One day of water per week for parched Bulawayo

Bulawayo water

The Bulawayo City Council has decommissioned Lower Ncema dam after it reached 6,49% water level, bringing to three the number of decommissioned dams, a development which has worsened the water situation in the city which will see the local authority extending the water rationing to 144 hours out a possible 168 hours per week.

By Silas Nkala

The other dams that have been decommissioned are the Upper Ncema and the Umzingwane dams.

In a notice, Bulawayo town clerk Christopher Dube informed residents and stakeholders that Lower Ncema dam, at 6,49%, was being decommissioned due to low water levels.

“Since the decommissioning of the Upper Ncema and Umzingwane dams, the city has been unable to meet its daily demand which averages 155 megalitres per day. 

“The maximum available raw water supply is currently at 94 megalitres per day. 

“As a result of the gap between demand and supply of 59 megalitres per day, the city has been on water shedding since February 2019,” he said.

The local authority prefers to call its water rationing regim “water shedding”.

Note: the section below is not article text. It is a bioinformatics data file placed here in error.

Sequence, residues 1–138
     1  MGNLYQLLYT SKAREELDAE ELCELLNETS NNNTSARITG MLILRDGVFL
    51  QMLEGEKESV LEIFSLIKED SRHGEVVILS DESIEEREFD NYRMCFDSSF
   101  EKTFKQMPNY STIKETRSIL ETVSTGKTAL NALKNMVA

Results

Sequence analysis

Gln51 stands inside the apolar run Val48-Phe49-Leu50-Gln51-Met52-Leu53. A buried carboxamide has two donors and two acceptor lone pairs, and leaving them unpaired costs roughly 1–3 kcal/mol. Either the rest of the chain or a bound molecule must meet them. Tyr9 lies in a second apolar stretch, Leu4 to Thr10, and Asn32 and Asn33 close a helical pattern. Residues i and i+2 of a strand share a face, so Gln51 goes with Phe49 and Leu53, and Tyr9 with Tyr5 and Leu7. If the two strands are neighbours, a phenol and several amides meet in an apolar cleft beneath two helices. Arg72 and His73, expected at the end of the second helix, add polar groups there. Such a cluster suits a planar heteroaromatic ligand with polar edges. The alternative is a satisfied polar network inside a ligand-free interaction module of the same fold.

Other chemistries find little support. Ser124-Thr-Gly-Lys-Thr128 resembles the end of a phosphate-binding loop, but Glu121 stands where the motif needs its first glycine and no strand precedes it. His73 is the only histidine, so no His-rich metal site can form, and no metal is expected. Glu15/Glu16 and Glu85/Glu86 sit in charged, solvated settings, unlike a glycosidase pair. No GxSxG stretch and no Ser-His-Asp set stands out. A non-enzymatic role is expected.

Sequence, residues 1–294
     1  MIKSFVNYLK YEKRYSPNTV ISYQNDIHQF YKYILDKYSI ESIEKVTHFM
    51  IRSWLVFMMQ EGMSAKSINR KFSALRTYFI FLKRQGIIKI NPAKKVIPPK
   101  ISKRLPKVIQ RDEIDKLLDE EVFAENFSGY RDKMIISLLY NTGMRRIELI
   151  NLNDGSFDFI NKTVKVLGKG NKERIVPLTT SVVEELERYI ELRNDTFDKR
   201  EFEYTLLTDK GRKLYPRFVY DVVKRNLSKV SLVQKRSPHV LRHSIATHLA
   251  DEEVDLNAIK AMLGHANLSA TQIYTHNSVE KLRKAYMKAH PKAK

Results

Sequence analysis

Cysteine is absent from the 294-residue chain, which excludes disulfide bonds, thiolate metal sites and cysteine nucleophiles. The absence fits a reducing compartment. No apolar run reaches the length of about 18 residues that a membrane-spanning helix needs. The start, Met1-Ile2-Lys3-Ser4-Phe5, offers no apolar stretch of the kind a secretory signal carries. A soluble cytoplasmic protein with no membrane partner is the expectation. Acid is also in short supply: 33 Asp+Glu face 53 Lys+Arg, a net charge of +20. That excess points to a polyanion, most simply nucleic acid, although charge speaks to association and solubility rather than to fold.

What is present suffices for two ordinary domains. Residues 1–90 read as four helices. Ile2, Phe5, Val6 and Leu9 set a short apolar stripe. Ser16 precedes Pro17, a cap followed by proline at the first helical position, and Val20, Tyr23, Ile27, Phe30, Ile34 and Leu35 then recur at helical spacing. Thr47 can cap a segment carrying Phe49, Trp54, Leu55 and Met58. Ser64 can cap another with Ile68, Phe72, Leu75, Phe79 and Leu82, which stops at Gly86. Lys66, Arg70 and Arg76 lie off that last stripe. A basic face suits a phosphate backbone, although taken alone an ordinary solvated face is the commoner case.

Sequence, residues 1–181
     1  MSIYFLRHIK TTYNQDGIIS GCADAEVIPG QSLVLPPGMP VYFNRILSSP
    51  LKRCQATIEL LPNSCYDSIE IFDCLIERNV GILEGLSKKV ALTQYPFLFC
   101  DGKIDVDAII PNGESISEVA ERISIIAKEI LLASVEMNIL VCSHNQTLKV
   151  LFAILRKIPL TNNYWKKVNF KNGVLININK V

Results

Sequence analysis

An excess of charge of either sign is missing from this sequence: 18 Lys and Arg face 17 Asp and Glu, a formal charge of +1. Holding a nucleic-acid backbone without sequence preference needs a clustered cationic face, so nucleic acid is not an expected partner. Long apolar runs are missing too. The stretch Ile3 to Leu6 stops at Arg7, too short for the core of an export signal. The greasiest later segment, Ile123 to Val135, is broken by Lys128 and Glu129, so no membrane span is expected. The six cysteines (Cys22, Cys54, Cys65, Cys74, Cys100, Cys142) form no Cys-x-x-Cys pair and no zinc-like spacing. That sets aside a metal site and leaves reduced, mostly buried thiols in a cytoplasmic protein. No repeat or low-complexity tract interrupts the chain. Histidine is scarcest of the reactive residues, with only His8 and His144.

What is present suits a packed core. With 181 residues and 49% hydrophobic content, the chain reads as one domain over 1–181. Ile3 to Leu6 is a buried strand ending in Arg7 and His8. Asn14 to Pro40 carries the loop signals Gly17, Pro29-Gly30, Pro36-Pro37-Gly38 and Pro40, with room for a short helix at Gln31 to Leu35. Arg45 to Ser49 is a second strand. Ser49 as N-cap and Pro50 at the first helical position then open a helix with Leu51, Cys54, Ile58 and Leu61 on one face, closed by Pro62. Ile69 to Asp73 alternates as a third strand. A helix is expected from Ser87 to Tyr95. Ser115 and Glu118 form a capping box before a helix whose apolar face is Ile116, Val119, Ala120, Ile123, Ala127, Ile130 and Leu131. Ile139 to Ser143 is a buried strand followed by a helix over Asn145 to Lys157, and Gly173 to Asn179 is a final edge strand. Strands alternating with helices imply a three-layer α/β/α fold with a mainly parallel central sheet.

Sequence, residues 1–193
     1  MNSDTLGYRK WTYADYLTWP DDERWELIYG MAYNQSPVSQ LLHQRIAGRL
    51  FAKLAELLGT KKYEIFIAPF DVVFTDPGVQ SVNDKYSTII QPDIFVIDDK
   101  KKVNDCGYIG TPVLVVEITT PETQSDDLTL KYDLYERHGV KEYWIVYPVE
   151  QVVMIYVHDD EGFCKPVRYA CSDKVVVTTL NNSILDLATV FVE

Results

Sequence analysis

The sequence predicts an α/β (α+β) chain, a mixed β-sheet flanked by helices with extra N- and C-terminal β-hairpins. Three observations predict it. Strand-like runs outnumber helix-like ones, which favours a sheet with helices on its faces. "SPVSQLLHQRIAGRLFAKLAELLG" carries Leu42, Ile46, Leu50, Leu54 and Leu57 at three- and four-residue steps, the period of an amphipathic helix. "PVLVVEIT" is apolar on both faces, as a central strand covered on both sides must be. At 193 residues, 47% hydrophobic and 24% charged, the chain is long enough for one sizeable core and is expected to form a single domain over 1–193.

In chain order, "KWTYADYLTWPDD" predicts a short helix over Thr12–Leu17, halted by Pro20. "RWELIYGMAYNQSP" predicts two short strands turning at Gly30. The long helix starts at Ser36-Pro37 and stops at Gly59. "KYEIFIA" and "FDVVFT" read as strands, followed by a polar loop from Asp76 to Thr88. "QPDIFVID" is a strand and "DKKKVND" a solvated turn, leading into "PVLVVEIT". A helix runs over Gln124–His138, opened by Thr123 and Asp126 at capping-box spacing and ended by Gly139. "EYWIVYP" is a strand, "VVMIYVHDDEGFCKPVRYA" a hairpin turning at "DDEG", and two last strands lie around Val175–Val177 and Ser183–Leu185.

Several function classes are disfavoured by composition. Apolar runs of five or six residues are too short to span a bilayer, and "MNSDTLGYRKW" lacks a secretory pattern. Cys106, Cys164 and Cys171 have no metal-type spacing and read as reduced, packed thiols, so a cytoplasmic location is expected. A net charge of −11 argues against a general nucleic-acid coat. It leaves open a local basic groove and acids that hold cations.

Dube said the rationing regime has been progressively implemented from the 48 hours, 72 hours, 108 hours to 120 hours regime.

“The daily water consumption for the period ending April 30 has been averaging 110 megalitres per day which is above the available raw water of 94 megalitres per day. 

“When Lower Ncema is decommissioned, only 60 to 65 megalitres per day of raw water will be available for the city from three supply dams and Nyamandlovu aquifer. 

“In order to avoid the system from collapsing (sic) due to the supply demand deficit, a more stringent water supply regime of 144 hour will be introduced,” he said.

BCC continues to intensify its water rationing due to dwindling water levels at the city’s supply dams and challenges in balancing its raw and clean water reservoirs at the Criterion water treatment plant.

The city has since appealed to the government to declare Bulawayo a water crisis area so as to attract aid to build the water infrastructure that will alleviate the prolonged water problems in the city.

Bulawayo’s salvation is said to lie in the Matabeleland Zambezi Water Programme, but more than 100 years since it was conceptualised, chances of it coming to fruition are close to zero.


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